Let’s draw some conclusions. In this particular scenario choosing refactoring over partial mocking doesn’t really push me towards the better design. I don’t want to get into details but junit API constrains me a bit here so I cannot refactor that freely. Obviously, you can figure out a better refactoring – I’m just yet another java developer. On the other hand, the partial mocking scenario is a very rare finding for me. I believe there might be something wrong in my code if I had to partial mock too often. After all, look at the tests above – can you say they are beautiful? I can’t.


  • I cannot say subclass-and-override < partial mocking
  • not always refactoring > subclass-and-override/partial mocking
  • partial mocking might be helpful but I’d rather not overuse it.
  • partial mocking scenario seems to lurk in situations where I cannot refactor that freely.

Eventually, I chose subclass-and-override for my implementation. It’s simple, reads nicer and feels less mocky & more natural.

more of devoxx, more on interfaces

December 9, 2008

I gave my talk at devoxx and hopefully those who attended were not offended by my weird sense of humor :) Guys, we need to have more fun in IT…

Shortly after I gave the talk I had an interesting discussion about the coding style some folks call “coding to interfaces”. It started when I was asked if Mockito is able to mock concrete classes? The answer is yes, Mockito doesn’t care if you mock an interface or a class. Mockito can do it thanks to primordial voodoo magic only ancient shamans understand these days (you guessed right – it’s the cglib library).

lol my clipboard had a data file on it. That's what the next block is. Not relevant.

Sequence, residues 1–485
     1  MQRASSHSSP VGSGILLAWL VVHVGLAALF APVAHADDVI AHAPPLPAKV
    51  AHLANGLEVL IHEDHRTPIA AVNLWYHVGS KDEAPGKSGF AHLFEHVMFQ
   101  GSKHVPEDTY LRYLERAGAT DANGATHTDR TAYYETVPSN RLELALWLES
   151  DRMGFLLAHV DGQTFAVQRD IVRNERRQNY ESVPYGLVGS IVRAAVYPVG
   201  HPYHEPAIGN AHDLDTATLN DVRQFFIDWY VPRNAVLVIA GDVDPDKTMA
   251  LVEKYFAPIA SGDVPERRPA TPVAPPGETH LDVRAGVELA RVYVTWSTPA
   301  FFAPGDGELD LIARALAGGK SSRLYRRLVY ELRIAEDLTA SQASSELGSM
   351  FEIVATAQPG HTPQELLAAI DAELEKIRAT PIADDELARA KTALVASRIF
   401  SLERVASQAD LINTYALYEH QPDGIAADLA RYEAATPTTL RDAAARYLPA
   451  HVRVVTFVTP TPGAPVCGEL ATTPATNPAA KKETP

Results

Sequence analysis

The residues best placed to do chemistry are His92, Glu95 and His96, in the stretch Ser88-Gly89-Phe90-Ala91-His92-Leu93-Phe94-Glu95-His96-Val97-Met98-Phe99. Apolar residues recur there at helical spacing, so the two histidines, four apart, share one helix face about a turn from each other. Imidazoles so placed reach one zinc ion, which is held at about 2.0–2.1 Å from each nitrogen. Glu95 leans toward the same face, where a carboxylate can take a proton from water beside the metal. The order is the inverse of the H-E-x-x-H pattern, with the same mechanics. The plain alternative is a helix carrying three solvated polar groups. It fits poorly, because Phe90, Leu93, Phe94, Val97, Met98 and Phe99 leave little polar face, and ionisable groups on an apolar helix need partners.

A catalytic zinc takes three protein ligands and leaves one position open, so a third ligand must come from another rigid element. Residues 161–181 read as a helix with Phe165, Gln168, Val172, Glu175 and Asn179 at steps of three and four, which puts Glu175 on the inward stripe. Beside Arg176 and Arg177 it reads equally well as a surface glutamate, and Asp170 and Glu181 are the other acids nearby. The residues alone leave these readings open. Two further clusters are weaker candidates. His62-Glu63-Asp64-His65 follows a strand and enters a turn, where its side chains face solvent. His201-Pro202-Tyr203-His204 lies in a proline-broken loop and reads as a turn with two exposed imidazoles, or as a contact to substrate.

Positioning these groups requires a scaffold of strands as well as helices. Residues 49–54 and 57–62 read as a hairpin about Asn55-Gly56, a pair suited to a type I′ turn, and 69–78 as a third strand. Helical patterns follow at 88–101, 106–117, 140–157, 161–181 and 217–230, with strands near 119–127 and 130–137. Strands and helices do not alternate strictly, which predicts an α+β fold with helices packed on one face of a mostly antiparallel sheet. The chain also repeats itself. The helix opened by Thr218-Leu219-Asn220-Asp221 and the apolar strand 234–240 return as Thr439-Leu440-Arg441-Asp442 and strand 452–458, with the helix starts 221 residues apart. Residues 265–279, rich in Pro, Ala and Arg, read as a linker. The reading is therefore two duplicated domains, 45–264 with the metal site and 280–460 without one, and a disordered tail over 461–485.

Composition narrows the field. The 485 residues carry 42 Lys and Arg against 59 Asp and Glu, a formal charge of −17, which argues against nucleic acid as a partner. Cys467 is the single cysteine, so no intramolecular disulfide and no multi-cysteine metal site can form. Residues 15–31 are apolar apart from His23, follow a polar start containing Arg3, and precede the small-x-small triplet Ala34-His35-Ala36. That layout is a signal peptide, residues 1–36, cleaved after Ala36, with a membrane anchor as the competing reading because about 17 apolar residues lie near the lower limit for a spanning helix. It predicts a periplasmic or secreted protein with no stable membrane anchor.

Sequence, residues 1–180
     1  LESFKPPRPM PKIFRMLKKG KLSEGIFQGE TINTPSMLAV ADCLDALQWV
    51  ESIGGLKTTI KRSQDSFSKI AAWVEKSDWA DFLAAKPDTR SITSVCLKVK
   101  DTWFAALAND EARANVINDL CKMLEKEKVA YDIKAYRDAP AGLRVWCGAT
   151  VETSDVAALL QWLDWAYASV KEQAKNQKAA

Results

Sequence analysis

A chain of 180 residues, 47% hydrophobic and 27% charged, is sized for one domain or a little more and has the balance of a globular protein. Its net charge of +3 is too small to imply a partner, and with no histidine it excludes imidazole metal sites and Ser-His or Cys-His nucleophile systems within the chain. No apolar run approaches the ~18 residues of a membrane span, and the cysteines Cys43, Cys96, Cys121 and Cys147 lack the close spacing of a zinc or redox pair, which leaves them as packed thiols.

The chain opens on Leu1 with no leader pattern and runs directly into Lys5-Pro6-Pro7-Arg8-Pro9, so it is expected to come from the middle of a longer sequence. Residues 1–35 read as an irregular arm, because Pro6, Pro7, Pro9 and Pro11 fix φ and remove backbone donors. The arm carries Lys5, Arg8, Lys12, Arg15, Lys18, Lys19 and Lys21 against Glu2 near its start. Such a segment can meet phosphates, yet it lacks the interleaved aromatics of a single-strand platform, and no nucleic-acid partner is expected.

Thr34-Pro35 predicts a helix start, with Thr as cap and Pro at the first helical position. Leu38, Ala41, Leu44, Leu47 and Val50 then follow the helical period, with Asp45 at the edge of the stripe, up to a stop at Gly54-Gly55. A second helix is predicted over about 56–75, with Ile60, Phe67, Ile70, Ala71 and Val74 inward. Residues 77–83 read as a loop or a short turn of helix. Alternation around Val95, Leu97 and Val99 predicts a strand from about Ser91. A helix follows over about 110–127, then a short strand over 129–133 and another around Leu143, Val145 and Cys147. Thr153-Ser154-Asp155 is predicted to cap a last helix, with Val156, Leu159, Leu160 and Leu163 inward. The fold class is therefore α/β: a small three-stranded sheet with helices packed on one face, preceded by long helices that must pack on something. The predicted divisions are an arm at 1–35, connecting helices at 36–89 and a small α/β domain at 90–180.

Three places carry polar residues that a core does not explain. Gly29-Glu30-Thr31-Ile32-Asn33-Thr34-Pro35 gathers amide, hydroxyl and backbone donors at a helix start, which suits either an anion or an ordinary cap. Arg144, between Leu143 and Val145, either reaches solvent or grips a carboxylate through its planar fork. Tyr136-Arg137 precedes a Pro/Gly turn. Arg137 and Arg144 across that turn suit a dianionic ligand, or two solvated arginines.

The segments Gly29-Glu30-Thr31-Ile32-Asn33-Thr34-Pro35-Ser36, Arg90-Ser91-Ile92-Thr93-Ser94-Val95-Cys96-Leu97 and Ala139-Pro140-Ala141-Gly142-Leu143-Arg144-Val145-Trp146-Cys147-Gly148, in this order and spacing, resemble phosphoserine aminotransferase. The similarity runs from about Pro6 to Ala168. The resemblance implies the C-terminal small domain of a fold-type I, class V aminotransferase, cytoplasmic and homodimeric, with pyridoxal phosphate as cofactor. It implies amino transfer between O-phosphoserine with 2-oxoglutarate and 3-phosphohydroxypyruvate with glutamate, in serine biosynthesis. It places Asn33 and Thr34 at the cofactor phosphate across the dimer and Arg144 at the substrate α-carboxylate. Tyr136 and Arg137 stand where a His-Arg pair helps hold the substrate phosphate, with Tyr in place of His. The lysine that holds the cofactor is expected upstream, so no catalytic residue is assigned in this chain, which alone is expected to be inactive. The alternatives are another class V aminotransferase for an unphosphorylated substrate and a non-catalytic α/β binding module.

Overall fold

Here starts the controversy. Should Mockito allow to mock only interfaces and hence promote “coding to interfaces”? Dan North, a respected IT guru and Mockito friend, said between the lines of one of his articles:

it allows me to mock concrete classes which I think is a retrograde step – remember kids, mock roles, not objects

What about the guy who approached me after the Mockito session told me a story about the codebase deeply proliferated with interfaces? Interfaces were introduced by developers not because they wanted to mock roles, not objects but because the mocking framework they used “promoted” coding to interfaces. This codebase was not very friendly.

To me, interface frenzy makes the codebase hard to browse, for example due to extra effort required to find implementation. Also, too many interfaces dilute the actual meaning of those interfaces that are really important. Therefore sometimes I mock classes, sometimes I mock interfaces and Mockito deals with it transparently. There are situations where I always use interfaces but let’s not bring it here.

I remember some old-school java book I read years ago. It read: “every java class should have an interface“. Don’t believe everything you read and the best example would be this blog, wouldn’t it?.

Use the coding style that works best for you. Drink mockitos only with interfaces if you like it this way.

I wish there was a mocking framework…

November 3, 2008

Let’s start from the beginning. Lately, I’ve been quite busy (perhaps lazy is a better word, though) and I couldn’t find time to sharply reply to few interesting blog articles. Dan North became a friend of Mockito and wrote about the end of endotesting. His post sparked few interesting comments. Steve Freeman wrote: